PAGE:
Sesotunawa is inspired by a special kind of virtue lived out by the Tboli of Lake Sebu. When broken down into its roots, Sesotunawa is a union of two Tboli words, “sesotu” or “to make one”, and “nawa” or “spirit”. It literally stands for the spirit of working together. Sesotunawa is a community ethos that drives the Tboli of Lake Sebu to be compassionate, peace-loving, and unified. In its essence, Sesotunawa can be considered parallel to another common Filipino value called bayanihan.

In Lake Sebu, when the Tboli are asked what Sesotunawa truly is, you will hear various stories of compassion and community-building. Stories of everyday kindness, of warm smiles, and of dreams of sustainable living. Sesotunawa is not only in Lake Sebu. It extends beyond the community of the Tboli. This sense of community is also alive among those who work alongside the Tboli people. Those who share the same vision of a sustainable cultural and social enterprise. Together, we aim to celebrate and bring different products of Sesotunawa from Lake Sebu to the world in different forms of handicrafts, brass-cast products, woven goods, and beads along with stories of working together from the Tboli of Lake Sebu.


Temwel is the art of Tboli brass casting. The modern Tau Temwel uses upcycled brass and other metal scraps from local junk shops and transforms these metals into intricate designs. Each brass piece pays homage to the Tboli tradition, folklore, and spiritual connection to nature. The transformation involves a complex process of wax rolling, clay molding, and molten metal casting that usually takes days to complete.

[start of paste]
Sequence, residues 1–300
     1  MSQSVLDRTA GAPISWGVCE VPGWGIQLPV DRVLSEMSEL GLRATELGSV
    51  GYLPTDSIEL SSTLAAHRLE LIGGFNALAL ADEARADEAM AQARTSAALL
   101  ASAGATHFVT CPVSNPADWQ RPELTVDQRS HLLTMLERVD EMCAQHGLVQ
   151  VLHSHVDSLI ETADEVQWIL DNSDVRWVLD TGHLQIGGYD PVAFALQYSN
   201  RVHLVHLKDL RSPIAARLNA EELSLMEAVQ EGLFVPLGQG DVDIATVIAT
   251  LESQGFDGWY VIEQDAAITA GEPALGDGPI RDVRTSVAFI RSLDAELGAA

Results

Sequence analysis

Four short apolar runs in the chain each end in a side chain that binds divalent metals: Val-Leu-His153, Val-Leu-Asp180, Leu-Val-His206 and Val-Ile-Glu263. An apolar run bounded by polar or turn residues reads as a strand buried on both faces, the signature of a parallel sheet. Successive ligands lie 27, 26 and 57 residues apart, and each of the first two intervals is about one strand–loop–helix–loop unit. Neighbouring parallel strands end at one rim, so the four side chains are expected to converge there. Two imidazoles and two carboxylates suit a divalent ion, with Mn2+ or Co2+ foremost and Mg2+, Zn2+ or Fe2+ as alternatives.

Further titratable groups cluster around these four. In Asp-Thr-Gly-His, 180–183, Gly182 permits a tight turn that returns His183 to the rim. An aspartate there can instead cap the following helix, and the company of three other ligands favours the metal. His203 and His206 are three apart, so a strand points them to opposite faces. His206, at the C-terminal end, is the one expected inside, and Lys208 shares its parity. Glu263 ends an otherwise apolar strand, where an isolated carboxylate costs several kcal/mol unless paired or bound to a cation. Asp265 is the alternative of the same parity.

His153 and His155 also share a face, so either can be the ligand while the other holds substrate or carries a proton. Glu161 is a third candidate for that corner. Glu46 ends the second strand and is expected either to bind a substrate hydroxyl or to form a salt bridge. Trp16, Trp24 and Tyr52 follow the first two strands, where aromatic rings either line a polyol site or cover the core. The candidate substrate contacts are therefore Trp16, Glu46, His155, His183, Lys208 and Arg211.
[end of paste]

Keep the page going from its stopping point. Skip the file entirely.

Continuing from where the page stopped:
Around the tranquil waters of Lake Sebu are pockets of communities where indigenous art still thrives. The art of brass-casting, beading, and weaving still exist because of the Tboli families who continuously work together to keep these traditions alive.

The kebeng (hearth) is still fired up and the metals are still melted in the Blunto household. Coming from a long line of Tau Temwel (brass-casters), Joel Blunto works alongside his wife Henia, who also learned the art through his family. Armed with their dream to manage their own business and help other households in the community, they created the first Sesotunawa brass items.

Inspired by this vision, people outside Lake Sebu started to come together to share this dream, which also encouraged other artisans in Lake Sebu to become a part of the growing community of culture movers. Today, our artisan community has grown to a total of 9 Tau Temwel and 2 beaders. We hope to engage more communities and inspire them and the future generations to rekindle their love for their art, culture, and identity.



Sesotunawa brought us together. 
We are a community of peers, mentors, and culture movers who believe that authentic connections and story-telling have the power to transform; and the ability to inspire positive action within and outside of our own communities.
Read more stories of Sesotunawa on our blog.